Shiba Inu Puppies for Sale in Nebraska, NE
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Shiba Inu Characteristics
The Shiba Inu was originally bred as a canine assistant in hunting birds and small game animals, along with the occasional wild boar. They’re the smallest of Japan's six native dog breeds, with the Akita Inu being the largest and the Kishu, Kai, Hokkaido, and Shikoku in the medium-sized group.
One of the smallest of the “Spitz” breeds, the Shiba Inu stands around 13-17 inches tall at the shoulder and weighs between 17-23 pounds. These dogs come with a black, white, or sesame-colored coat. They typically live between 12-16 years and can make great companions or great hunting dogs. They have a known temperament and a bit of an ego, so training and proper socialization is important in order to show the Shiba Inu who’s the top dog.
Shibas are usually adaptable, active, good-natured, clean, and quiet. They can also be aloof, independent, master escape artists, and somewhat stubborn. Their size makes them an adequate apartment or condo companion, but they have plenty of energy, so daily walks and/or playtime is a must.
The Shiba tends to be possessive. The Shiba Inu protects what he considers to be his, including toys, food, or territory. Proper socialization and training help keep this trait in check, but it's wise to put away any of his favorite toys and treats when other dogs or children are around, so he's less likely to act out and fight over them.
Many enthusiasts consider owning a Shiba Inu a bigger lifestyle change than owning other dog breeds. They require careful training and attention must be paid to their unique personalities, but the reward is having a loyal and caring companion unlike any other dog.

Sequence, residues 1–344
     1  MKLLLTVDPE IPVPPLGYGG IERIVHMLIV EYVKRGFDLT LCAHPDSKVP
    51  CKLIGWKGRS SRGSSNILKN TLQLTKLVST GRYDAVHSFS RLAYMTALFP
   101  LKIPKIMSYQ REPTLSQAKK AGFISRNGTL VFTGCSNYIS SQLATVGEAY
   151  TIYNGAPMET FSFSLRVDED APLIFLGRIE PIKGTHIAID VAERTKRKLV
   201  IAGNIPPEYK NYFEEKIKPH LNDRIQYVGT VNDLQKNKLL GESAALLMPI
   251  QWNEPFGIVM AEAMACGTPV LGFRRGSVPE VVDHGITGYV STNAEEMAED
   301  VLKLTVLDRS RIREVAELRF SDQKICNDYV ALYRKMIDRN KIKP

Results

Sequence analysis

How dog-friendly is Nebraska?
While some studies are inconsistent, Nebraska generally ranks very well for pet-friendliness. It’s a great place to own a dog and has some great laws protecting animals.
We use two primary studies to track a state’s friendliness for pets. One ranks Nebraska in the top ten, and the other in the top 25.
The first study comes from an animal advocacy group, Pawsafe. They ranked Nebraska 9th compared to all 50 states, according to factors like pet services, pet-friendly accommodations, and more. The state also scored well in its report for its animal welfare laws related to abuse, neglect, fighting, or pet care standards.
The second study comes from the safety review site Safewise. They ranked Nebraska as the 23rd most pet-friendly state in the country. Still in the top half, but not quite top ten.
However, if we combine the two studies, Nebraska still ranks at the front of the list!
Are cities in Nebraska pet-friendly?
To track the best cities, the review site Wallethub ranked the top 100 biggest cities in the U.S. for pet-friendly factors. Here’s how Nebraska stacked up.
Omaha is Nebraska’s largest city, with a population of nearly half a million. Wallethub ranked Omaha as 24th of the largest 100 cities. Pretty great!
A couple of the most popular dog-friendly destinations in Omaha are the Big Papio Trail and the Keystone Trail.
The city survey ranked Lincoln as 21st overall, coming in 4th for pet budget, 67th for pet health and wellness, and 69th for outdoor pet-friendliness. Lincoln also made it onto a list from the Trust for Public Land (TPL) that puts together the best cities for dog parks. Lincoln ranked 34th out of the top 100 cities, with 1.4 dog parks per 100,000 people.
A few more facts for dog-lovers in Nebraska
BringFido lists Nebraska as a pet-friendly travel destination with almost 500 verified pet-friendly hotels and motels.
Nebraska also loves dogs! Forty-seven percent of Nebraska residents own a dog, which is above the national dog ownership rate of 40%.
What kinds of dogs do Nebraskans love? According to the American Kennel Club (AKC), the most popular dogs in Nebraska are Labradors, Beagles, and Retrievers. Other popular breeds include Huskies, Basset Hounds, and German Shepherds.
Animal welfare & dog shelters in Nebraska
Nebraska saved 24,545 dogs and cats during 2020. Approximately 2,378 animals were killed over this same period.
Fourteen out of 52 of the animal shelters within Nebraska are no-kill shelters. The percentage of no-kill shelters is low, and the state has an average save rate of 82%. This is below the 90% mark needed to be considered a no-kill state. Just a little bit of improvement will help push Nebraska into the right zone.
Shiba Inus Everywhere in Nebraska
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